This is certainly promising.

From a nutritional perspective consumers may harbour concerns over the extensive ingredient list, but it remains hard to deny that the nutrient composition is favourable to other common beef burger varieties. The cost could also be a concern, with 2 frozen Beyond Burgers costing eight dollars in most grocery stores.

All in all the Beyond Burger is very promising and could create options for a lot of vegetarians. It’s not perfect but no food is.

I certainly didn’t regret feeding my curiosity and biting into one, I doubt you will either.

Final Verdict: While beef lovers can’t easily replace a steak, they can now replace a beef burger. Give the Beyond Burger a try.

Chris

 

 

Metformin recall

https://www.ctvnews.ca/health/more-diabetes-drugs-recalled-over-contaminant-linked-to-cancer-1.4983576

There have been reports of unacceptable levels of nitrosamines in some of the metformin , slow release medication  and there is a recall.  It is not suggested that you stop taking your metformin, however it may be advisable to discuss this recall with your doctor or pharmacist.

Opening office #105, 5700 Cowrie St. Sechelt next week, Tue-Thur, 10-4 pm

Safety Precautions for Covid 19 visiting Dietitian’s office:

  1. Removing most of the chairs in the waiting room to ensure physical distancing
  2. Removing all the magazines to reduce the number of touch points.
  3. Making some of the kitchen area off limits to reduce the number of touch points.
  4. Providing hand sanitizer in the waiting room and bathroom
  5. Putting up notices on the entrance door and in the waiting room to advise patients about Covid19 protocol
  6. Pre-booking precautions to ensure clients are not showing Covid 19 symptoms
  7. No cancellation fee, if clients are feeling unwell prior to the appointment.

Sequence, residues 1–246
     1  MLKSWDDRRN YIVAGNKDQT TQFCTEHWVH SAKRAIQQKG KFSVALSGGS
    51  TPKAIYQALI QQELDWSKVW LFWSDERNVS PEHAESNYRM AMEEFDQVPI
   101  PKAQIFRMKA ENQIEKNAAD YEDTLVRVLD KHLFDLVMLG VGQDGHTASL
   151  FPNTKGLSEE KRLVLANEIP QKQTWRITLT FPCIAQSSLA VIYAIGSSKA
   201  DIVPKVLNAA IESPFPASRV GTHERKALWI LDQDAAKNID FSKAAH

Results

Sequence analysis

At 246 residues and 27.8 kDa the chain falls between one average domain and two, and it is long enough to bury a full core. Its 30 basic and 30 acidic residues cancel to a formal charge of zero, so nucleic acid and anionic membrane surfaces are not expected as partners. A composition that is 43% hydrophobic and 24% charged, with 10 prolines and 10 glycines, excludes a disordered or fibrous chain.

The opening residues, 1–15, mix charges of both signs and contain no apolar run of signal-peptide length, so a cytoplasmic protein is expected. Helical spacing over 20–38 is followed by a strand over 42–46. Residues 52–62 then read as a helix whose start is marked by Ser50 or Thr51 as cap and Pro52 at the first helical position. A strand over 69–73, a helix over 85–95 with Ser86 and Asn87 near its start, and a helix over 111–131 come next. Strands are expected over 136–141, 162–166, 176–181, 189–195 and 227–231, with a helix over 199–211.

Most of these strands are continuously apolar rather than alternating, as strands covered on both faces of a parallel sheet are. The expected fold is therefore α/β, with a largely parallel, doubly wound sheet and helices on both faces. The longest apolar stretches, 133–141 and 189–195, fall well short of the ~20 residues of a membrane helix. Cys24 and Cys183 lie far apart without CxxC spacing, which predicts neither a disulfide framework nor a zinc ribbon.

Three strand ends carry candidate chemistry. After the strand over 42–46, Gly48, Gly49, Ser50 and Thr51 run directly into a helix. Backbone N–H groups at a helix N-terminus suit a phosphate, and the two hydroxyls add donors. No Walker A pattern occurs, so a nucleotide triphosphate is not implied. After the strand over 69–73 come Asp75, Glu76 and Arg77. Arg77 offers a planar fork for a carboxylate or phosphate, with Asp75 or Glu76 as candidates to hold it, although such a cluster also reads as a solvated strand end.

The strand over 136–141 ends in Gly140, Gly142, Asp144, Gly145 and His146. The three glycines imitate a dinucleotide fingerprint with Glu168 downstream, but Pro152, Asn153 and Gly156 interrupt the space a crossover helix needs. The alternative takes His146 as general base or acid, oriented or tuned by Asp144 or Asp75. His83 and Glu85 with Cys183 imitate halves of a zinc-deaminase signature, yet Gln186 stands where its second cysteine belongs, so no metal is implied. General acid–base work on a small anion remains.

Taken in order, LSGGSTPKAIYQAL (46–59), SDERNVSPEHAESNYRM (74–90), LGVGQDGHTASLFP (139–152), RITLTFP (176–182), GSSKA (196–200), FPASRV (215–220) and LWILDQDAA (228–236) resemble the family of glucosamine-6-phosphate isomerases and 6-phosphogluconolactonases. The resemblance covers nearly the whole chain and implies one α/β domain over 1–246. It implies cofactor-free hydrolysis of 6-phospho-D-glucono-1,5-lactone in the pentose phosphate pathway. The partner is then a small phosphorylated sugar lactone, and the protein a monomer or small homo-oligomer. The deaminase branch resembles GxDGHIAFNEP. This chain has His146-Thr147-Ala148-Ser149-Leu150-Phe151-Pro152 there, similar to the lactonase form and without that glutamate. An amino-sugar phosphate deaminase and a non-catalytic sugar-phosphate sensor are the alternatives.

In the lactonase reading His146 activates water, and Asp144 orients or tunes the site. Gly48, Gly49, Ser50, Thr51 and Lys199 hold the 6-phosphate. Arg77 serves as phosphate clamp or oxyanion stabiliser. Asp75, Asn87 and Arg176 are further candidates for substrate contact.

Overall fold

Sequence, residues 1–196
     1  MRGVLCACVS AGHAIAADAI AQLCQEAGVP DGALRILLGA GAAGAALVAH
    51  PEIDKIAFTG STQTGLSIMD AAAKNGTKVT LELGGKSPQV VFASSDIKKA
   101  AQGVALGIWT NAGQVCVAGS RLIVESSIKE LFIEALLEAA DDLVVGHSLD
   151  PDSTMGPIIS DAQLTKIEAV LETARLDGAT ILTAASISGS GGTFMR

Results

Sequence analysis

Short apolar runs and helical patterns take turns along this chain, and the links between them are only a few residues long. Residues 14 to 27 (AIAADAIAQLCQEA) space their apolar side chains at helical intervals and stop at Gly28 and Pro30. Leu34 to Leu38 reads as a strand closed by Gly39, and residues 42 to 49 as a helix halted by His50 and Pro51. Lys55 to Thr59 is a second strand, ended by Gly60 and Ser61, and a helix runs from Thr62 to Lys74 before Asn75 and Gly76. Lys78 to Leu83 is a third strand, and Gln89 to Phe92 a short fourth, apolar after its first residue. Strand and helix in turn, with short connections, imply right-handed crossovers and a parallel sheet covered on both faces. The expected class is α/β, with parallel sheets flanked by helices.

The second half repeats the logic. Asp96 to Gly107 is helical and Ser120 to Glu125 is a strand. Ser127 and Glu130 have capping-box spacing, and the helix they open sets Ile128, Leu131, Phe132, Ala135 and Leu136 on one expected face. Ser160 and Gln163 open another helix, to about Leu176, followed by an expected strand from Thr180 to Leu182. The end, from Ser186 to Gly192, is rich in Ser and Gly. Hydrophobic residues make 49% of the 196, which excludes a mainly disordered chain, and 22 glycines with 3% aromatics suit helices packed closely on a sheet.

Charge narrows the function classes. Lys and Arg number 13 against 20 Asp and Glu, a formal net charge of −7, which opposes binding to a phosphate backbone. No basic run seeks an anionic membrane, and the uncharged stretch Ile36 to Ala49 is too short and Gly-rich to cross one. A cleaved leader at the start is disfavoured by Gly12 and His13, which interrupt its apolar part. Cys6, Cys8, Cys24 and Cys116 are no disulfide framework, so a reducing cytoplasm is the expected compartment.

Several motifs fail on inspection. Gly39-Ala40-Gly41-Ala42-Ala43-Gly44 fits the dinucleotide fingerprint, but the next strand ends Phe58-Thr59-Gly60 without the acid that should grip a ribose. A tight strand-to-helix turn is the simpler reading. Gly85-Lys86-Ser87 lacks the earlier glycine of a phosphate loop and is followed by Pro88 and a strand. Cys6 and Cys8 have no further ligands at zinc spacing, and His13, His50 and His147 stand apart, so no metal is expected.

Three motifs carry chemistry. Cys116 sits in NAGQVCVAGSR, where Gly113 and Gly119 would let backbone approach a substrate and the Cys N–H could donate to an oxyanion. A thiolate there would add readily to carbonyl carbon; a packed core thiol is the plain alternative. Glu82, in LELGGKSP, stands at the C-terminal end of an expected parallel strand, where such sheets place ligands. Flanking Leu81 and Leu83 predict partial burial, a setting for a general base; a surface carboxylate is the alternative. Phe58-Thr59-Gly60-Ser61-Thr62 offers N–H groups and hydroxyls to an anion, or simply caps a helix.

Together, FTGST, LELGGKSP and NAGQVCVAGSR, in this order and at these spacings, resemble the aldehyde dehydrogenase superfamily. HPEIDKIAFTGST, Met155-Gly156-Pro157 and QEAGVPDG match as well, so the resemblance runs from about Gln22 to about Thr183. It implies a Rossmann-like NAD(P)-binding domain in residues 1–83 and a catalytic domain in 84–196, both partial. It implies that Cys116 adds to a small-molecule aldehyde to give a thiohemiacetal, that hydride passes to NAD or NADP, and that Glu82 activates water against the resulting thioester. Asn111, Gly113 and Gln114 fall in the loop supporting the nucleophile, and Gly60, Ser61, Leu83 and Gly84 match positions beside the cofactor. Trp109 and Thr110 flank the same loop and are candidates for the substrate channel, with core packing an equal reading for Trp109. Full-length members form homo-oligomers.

8. Patients will be spaced with 30 minutes between each appointment, to ensure no overlap
  9. Desk surfaces, chair, door knobs will be sanitized, before, between and after all appointments.
  10. Clients will not be seen if they are not wearing facemasks, as will the Dietitian during the visit.
  11.  No drop-ins

How to cook your own chickpeas!

Soaking overnight

Have been wanting to cook chickpeas instead of using canned for some time,  They taste fresher and it saves you $$  Finally I decided to soak overnight, started with 1 c chickpeas:3 c water, no salt

This forced me to cook them in my instapot the next day, it was so easy.  I don’t know why I procrastinated.  I rinsed them, put them in the instapot with the same water ratio and pressure cooked for 20 minutes.

 

 

Cooke in Instapot for 20 minutes

Don’t they look great!  And they smelled so yummy, I snacked on some right there!   I thought that I had cooked way too much but didn’t realize that I would use them up so quickly!

Have wanted to make roasted chickpeas as a healthy snack for some time.  Found the perfect recipe:  2 cups chickpeas, 2 T vinegar, 1 T olive oil, 1 tsp dijon mustard, supposed to have 1 pinch salt, I made mine unsalted.  Placed in a pre-heated 400 F degree oven on a cookie sheet, no greasing.  The recipe suggests baking for 1 hr, tossing them every 10 min.  I was far too impatient for this and tossed them every 15 min but by 30 min, they looked roasted and I took them out.

 

Roasted Chickpeas

They tasted great, but some of them were not crisp and slightly soft so I put them in the oven for longer, next time I would check them more often and take the browned chickpeas out as they cook unevenly in my oven.. Was very pleased with the flavour and  will do this again.

I was on a roll  and proceeded to make a chicken chili  adding 2 cups chickpeas, fortunately that was exactly the amount I had left over..  So I was able to cook an entree with the remaining chickpeas depriving myself of the opportunity to refrigerate for up to 5 days or freeze in 2 cup portions.

 

Chicken Chili with chickpeas

I won’t tell you the recipe because it became a truly signature dish using my favourite allium vegetables.  Perhaps it was a bit spicy; for my partner but just perfect for me.  Here’s a photo of that meal!

So don’t hesitate, save yourself some $$ and cook your own chickpeas!